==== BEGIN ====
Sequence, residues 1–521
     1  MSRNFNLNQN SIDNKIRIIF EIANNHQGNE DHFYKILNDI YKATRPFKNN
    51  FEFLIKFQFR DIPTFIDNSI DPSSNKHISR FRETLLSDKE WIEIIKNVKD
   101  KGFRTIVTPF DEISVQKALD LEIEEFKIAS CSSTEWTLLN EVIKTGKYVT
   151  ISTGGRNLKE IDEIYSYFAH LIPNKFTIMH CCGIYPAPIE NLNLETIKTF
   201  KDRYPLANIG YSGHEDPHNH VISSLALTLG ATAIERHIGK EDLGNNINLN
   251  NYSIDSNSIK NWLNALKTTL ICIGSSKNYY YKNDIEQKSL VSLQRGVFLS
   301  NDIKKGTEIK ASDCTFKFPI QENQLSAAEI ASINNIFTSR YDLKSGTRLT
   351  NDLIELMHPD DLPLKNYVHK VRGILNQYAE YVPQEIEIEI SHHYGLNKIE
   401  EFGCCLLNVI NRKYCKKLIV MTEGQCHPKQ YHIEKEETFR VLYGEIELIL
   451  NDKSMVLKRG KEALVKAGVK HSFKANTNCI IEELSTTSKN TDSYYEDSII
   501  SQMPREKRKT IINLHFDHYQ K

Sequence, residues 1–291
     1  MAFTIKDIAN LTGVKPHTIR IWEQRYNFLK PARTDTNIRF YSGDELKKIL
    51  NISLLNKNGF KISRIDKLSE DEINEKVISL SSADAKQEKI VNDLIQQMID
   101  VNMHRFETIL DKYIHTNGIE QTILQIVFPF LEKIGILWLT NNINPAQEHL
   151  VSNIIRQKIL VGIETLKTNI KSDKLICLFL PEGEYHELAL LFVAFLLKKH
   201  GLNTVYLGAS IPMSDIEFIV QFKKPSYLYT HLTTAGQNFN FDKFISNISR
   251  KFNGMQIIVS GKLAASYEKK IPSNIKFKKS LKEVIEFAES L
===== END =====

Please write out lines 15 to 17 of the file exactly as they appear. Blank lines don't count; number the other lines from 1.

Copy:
    51  NISLLNKNGF KISRIDKLSE DEINEKVISL SSADAKQEKI VNDLIQQMID
   101  VNMHRFETIL DKYIHTNGIE QTILQIVFPF LEKIGILWLT NNINPAQEHL
   151  VSNIIRQKIL VGIETLKTNI KSDKLICLFL PEGEYHELAL LFVAFLLKKH